Cross the Green Mountain

I am watching Ken Burns’s amazing Civil War series.  One of my favorite Dylan songs is his song about the Civil War, Cross the Green Mountain.  These are the lyrics:

I crossed the green mountain
I slept by the stream
Heaven blazing in my head
I dreamt a monstrous dream

Something came up
Out of the sea
Swept through the land of
The rich and the free

I look into the eyes
Of my merciful friend
And then I ask myself
Is this the end?

Memories linger
Sad yet sweet
And I think of the souls
In heaven who will meet

Alters are burning
The flames far and wide
The foe has crossed over
From the other side

They tip their caps
From the top of the hill
You can feel them come
More brave blood do spill

Along the dim
Atlantic line
The ravaged land
Lasts for miles behind

The lights coming forward
And the streets are broad
All must yield
To the avenging God

The world is old
The world is grey
Lessons of life
Can’t be learned in a day

I watch and I wait
And I listen while I stand
To the music that comes
From a far better land

Close the eyes of our captain
Peace may he know
His long night is done
The great leader is laid low

He was ready to fall
He was quick to defend
Killed outright he was
By his own men

It’s the last day’s last hour
Of the last happy year
I feel that the unknown world is so near

Pride will vanish
And glory will rot
But virtue lives
And cannot be forgot

The bells
Of evening have rung
There’s blasphemy on every tongue

Let them say that I walked
In fair nature’s light
And that I was loyal
To truth and to right

Serve God and be cheerful
Look upward beyond
Beyond the darkness that masks
The surprises of dawn

In the deep green grasses
And the blood stained woods
They never dreamed of surrendering
They fell where they stood

Stars fell over Alabama
I saw each star
You’re walking in dreams
Whoever you are

Chilled are the skies
Keen is the frost
The ground’s froze hard
And the morning is lost

A letter to mother
Came today
Gunshot wound to the breast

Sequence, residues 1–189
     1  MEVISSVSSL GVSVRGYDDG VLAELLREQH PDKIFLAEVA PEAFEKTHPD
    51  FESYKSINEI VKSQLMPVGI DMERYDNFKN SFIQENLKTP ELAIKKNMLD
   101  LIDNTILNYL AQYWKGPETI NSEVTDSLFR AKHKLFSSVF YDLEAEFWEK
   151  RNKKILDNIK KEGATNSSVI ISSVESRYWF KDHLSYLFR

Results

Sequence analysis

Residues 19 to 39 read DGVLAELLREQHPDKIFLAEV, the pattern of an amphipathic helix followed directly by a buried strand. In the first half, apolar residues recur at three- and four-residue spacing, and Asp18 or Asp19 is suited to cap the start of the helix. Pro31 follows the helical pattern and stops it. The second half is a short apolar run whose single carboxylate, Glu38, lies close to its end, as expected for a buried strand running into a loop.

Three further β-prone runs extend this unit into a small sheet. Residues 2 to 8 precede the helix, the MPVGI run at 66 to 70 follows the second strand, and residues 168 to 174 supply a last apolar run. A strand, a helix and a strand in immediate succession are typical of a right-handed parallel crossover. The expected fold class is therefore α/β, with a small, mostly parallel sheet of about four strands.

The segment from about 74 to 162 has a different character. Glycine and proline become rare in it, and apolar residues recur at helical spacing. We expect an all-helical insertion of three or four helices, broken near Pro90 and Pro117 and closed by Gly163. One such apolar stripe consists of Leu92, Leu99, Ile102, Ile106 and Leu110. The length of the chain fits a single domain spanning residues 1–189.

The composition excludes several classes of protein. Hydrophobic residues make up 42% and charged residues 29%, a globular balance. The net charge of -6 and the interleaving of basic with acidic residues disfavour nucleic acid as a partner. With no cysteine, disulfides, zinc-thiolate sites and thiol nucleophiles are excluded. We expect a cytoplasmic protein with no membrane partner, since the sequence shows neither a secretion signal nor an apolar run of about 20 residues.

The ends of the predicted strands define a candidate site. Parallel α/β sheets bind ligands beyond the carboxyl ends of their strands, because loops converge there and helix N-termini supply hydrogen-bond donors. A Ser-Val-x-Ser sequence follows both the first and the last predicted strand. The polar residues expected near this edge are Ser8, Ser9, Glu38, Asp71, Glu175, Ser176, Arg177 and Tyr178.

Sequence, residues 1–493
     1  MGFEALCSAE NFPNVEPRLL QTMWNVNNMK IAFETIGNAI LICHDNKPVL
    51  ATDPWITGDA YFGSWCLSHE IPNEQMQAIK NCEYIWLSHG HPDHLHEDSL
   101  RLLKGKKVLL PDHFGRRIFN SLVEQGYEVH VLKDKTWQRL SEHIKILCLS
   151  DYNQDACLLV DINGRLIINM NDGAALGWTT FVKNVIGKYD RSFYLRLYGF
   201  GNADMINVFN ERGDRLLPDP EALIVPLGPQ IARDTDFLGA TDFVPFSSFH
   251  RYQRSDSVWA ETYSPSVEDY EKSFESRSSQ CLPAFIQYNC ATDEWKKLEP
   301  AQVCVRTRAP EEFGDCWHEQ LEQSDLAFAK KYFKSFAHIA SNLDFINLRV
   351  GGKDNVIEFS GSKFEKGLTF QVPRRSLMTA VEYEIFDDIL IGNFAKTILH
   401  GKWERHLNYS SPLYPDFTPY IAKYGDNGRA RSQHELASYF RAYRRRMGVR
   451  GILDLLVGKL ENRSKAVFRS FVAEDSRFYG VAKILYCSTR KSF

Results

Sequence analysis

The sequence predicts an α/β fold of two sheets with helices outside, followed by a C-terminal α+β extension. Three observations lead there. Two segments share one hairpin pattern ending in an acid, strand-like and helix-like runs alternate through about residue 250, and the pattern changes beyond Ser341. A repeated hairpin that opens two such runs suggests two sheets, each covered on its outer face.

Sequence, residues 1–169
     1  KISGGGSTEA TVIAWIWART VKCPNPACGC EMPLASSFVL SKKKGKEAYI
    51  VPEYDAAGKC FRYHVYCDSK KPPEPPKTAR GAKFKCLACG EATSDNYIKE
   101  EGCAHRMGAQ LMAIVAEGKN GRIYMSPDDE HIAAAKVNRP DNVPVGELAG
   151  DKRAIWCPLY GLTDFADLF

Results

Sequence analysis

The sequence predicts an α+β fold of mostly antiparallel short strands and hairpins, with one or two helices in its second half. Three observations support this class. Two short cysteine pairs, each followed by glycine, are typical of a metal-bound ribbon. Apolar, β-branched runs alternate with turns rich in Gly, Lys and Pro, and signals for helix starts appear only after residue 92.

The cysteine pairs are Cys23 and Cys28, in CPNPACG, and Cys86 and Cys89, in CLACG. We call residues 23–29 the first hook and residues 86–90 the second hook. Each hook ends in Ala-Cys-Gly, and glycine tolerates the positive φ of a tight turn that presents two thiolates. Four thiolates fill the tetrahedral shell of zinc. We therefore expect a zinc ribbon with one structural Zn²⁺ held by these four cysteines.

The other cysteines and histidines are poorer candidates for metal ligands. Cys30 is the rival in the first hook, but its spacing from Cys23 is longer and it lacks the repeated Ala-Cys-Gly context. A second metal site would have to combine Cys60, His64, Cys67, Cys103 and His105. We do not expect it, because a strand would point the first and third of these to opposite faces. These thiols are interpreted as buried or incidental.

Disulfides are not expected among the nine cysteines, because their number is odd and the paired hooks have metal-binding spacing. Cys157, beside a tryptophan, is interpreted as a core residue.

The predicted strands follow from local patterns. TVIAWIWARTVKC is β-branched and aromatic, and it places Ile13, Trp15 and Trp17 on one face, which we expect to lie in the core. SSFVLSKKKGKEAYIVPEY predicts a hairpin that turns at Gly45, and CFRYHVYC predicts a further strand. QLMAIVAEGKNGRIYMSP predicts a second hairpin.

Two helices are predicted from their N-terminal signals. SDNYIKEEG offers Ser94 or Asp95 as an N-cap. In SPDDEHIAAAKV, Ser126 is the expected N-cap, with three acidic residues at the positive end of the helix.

Is what it did say

But he’ll be better soon
He’s in a hospital bed
But he’ll never be better
He’s already dead

I’m ten miles outside the city
And I’m lifted away
In an ancient light
That is not of day

They were calm, they were blunt
We knew them all too well
We loved each other more than
We ever dared to tell

John Lydon, Richard III, and the False Choice Between Empathy and Strength

KevinSpaceyRichardIII

Those that have been reading along will know that lately I have been fascinated by the career of John Lydon (Johnny Rotten).  I have read his two autobiographies, Rotten: No Irish, No Blacks, No Dogs and Anger is an Energy, and I have watched the Sex Pistols documentary The Filth and the Fury.  One of the things that many people don’t get is that Lydon has a great sense of humor and fun.  Although he felt there were important things that needed to be said, he knew how to get a crowd wound up, and he always did things with a sense of fun.  I found it really interesting that his Johnny Rotten persona was partially based on Shakespeare’s Richard III.  Richard is a deformed scheming character that uses his wits to rise to power.  

That led me to wanting to learn more about the play.  Tonight I am watching the Al Pacino documentary Looking for Richard.  This is a documentary where Pacino is trying to figure out how to get the average person to understand and open up to Shakespeare.  The film is scenes of the play intercut with discussions about what the play means and how to perform it.

This little bit of dialog interested me:

First Murderer:

Relent!  Tis cowardly and womanish.

Clarence:

Not to relent is beastly, savage, devilish.

What is happening in that scene is that Richard has sent two murderers to kill a character named Clarence who is in line for the throne.  Clarence is trying to talk the murderers out of killing him.  The above lines are just a very small snippet from the scene.

I want to take them out of context for a moment.  I’ve been thinking lately about how males are given false choices about being macho and being weak.  The murderer says basically that showing mercy is to be weak.  Clarence replies that to murder is to be savage.  So many times in our society men make choices about what to do based upon if people will perceive them to be weak or strong.

Morrissey sang, in the song I Know It’s Over, that it, “takes strength to be gentle and kind.”  Well this is true, so often people send the opposite message.  Why is it that caring about nature and other people is often perceived as being weak?  How many times have you heard someone say, about someone that cares about the environment for instance, that they are some kind of, “faggot hippie.”  Meanwhile, men that rape the earth and exploit other people are often thought of as being strong and powerful, when they are really just giving in to their own ego?